The Women’s Fund of Rhode Island joined with members of the Women’s Funding Network in a statement of solidarity that condemns violence and systemic racism and misogyny against Asian Americans and Pacific Islanders (AAPI). The statement is a call to action for philanthropy to invest in, and value, AAPI lives. See the full statement here WFN Members’ Statement of Solidarity and Condemnation of Violence – Women’s Funding Network
The Rhode Island Foundation has awarded an additional $550,000 in grants from its COVID-19 Response Fund to help Rhode Islanders cope with the continuing effects of the pandemic. With these most recent grants, Foundation has awarded $7.3 million in grants since launching the fund nearly one year ago.
The latest recipients include the Dorcas International Institute in Providence, Operation Stand Down in Johnston, the Samaritans in Pawtucket, Turning Around Ministries in Newport and the WARM Shelter in Westerly. Bradley Hospital, Crossroads Rhode Island, the Da Vinci Center, the Housing Network, the Interfaith Counseling Center, New Englanders Helping Our Veterans, Project Undercover, Project Weber/RENEW, R.I. Legal Services, the R.I. Parent Information Network, Sacred Heart Elderly Day Care and Women’s Refugee Care also received grants.
The Foundation’s COVID-19 Response Fund was launched in March 2020 initially in partnership with the United Way of Rhode Island. The $7.3 million in grants awarded to date reflect just the grantmaking by the Foundation. Nearly 150 nonprofits received grants. See the list of COVID-19 Response Fund grantees.
Thank you to those who participated in the GCRI Community Empowerment session last week. As I mentioned at the beginning of the session, the last year (and the last few days) have highlighted not only the devastating impact of racism on our communities and on people of color around the country, but also the imperative for philanthropy to deepen its work in understanding and addressing issues of racial equity and racial justice in our communities.
Part of that work is to acknowledge the complexity, pervasiveness, and intersectionality of this work — to intentionally listen to the voices of individuals and communities who have experienced current and historical racism, and to support their leadership in addressing the root causes and symptoms.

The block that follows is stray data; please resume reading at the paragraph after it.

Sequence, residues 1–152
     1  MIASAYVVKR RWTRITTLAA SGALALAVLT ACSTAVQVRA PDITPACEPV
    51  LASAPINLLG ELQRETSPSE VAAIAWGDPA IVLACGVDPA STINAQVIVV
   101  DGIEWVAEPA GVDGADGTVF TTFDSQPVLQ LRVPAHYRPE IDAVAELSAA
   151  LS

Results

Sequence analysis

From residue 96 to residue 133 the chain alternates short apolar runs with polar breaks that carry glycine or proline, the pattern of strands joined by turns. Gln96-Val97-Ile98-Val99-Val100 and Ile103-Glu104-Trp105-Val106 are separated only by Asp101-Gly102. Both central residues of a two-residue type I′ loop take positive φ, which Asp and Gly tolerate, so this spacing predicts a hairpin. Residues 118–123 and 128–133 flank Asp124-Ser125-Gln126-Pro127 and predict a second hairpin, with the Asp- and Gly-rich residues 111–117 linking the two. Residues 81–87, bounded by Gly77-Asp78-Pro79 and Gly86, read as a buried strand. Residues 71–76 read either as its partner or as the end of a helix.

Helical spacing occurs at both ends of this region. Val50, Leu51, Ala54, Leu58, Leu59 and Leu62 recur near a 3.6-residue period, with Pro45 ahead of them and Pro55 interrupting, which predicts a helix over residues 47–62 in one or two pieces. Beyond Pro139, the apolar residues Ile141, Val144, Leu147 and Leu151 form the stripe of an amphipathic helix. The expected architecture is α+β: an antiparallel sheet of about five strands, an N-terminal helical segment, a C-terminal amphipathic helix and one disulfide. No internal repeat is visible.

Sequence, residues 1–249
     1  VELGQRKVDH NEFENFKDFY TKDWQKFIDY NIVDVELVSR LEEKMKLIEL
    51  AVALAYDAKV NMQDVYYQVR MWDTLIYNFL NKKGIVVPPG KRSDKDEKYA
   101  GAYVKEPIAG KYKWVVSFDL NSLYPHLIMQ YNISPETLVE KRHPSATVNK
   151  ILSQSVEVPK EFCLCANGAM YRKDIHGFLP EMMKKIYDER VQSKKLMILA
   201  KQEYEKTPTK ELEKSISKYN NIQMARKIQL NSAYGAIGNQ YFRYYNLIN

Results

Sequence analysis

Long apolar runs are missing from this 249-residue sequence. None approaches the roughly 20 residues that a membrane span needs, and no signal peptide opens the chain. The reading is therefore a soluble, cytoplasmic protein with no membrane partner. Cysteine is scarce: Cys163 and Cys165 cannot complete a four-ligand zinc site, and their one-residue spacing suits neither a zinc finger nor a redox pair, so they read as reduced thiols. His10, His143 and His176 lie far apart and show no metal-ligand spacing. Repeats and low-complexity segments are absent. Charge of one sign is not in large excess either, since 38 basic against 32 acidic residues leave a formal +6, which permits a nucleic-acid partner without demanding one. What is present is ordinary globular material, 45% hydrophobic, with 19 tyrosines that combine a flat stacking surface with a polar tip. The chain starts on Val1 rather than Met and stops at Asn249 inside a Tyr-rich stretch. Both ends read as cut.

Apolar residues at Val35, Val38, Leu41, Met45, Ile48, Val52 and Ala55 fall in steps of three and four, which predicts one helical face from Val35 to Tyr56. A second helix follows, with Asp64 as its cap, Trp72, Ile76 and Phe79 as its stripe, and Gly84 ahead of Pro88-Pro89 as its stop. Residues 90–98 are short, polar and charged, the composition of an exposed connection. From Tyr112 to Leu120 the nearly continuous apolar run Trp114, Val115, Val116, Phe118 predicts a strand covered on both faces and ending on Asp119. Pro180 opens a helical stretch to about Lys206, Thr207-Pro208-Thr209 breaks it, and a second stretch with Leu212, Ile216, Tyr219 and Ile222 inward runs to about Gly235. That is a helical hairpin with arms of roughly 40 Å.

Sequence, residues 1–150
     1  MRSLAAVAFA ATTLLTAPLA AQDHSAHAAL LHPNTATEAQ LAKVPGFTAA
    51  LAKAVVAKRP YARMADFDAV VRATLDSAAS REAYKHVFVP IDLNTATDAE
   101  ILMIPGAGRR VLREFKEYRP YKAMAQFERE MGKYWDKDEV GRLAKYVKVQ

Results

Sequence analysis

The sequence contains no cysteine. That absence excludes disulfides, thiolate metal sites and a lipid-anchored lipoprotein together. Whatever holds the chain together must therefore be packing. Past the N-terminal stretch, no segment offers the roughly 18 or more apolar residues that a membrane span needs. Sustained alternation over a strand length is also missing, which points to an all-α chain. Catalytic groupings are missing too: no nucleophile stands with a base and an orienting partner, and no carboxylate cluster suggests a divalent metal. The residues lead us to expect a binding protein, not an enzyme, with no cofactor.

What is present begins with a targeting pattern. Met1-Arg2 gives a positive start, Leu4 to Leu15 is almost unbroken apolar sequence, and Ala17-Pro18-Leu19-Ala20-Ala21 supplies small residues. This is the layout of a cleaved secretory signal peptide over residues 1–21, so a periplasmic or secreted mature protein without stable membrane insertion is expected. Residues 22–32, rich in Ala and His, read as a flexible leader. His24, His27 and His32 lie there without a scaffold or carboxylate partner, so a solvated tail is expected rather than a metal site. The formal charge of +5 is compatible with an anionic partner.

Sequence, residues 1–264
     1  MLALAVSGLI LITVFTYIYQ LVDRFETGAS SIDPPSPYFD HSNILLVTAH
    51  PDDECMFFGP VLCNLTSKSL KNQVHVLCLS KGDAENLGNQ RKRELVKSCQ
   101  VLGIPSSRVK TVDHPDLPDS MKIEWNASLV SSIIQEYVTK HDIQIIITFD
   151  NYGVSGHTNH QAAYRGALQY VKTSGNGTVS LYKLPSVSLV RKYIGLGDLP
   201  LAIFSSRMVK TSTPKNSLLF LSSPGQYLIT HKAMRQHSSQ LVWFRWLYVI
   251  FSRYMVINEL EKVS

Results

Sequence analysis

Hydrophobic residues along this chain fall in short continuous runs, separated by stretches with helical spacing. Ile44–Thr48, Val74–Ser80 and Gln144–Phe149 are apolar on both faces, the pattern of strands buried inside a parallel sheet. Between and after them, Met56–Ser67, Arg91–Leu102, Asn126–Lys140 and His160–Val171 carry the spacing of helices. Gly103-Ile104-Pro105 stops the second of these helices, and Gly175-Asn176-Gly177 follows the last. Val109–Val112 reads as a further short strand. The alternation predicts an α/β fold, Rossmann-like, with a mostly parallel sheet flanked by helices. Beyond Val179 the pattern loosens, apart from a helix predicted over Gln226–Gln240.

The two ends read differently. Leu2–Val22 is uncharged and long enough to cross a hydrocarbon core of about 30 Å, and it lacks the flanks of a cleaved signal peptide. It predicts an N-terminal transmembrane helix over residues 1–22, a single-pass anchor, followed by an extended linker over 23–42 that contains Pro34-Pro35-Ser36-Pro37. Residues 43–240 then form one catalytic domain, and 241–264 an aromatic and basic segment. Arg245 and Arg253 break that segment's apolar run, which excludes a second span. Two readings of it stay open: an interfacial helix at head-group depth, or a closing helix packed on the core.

To that end, I would encourage you all to listen to the session, and to support local initiatives to ensure that under-represented groups in Rhode Island, like communities of color, people with disabilities, those experiencing homelessness, etc. have the resources they need to mobilize and play a leadership role in efforts to address the challenges facing their communities. Historically, philanthropy has assumed that funders are better able to determine solutions than communities themselves, but now more than ever, it is critical that philanthropy recognize the necessity of resourcing and learning from community leaders. (Email firstname.lastname@example.org to get the link to listen to the session.)
Supporting Our Asian American Colleagues and Communities
This week’s violence in Atlanta, where 6 of 8 of the victims were Asian American women, is only the latest in an increasing number of racist attacks in the US. The STOP AAPI Hate project has documented over 3,800 incidents of anti-Asian racism over the last year, many targeted at women and seniors. The language used by law enforcement in Atlanta, and the rhetoric used by some members of Congress in the hearing on Asian American violence, has exacerbated the pain felt by our Asian American colleagues and other people of color. To our colleagues of color, please know that GCRI stands with you and your families and communities — we hold you close in this time of pain, fear and isolation.
As the racial justice protests over the last year have demonstrated, this is a pivotal moment for our country, and for philanthropy, to address the pervasive legacy — and current reality — of racism in the U.S. We need to stand with all of those who have experienced the trauma of racism (and misogyny and other types of discrimination and violence) and to speak out against language and actions that stigmatize, demonize, or harm our friends, colleagues, neighbors or communities. Our words matter. And they need to be followed up with action.
Asian Americans Advancing Justice – Atlanta has been working closely with AAPI community leaders and impacted folks in Georgia to learn what care is needed on the ground. If you would like to support them in providing community care, you can consider taking part in the action steps below and following their social media (Facebook, Twitter, Instagram) for updates on needs.
Three ways to support the Asian American community in Georgia:
Governor Gina M. Raimondo announced that Rhode Island has been awarded an $8 million, 24-month grant to implement Central Providence Opportunities – a place-based initiative to increase social and economic mobility for residents of the 02908 and 02909 zip codes, and then scale these strategies statewide. The pilot initiative, set to commence next month, brings together the Governor’s office, state agencies, the Rhode Island Foundation, and ONE Neighborhood Builders.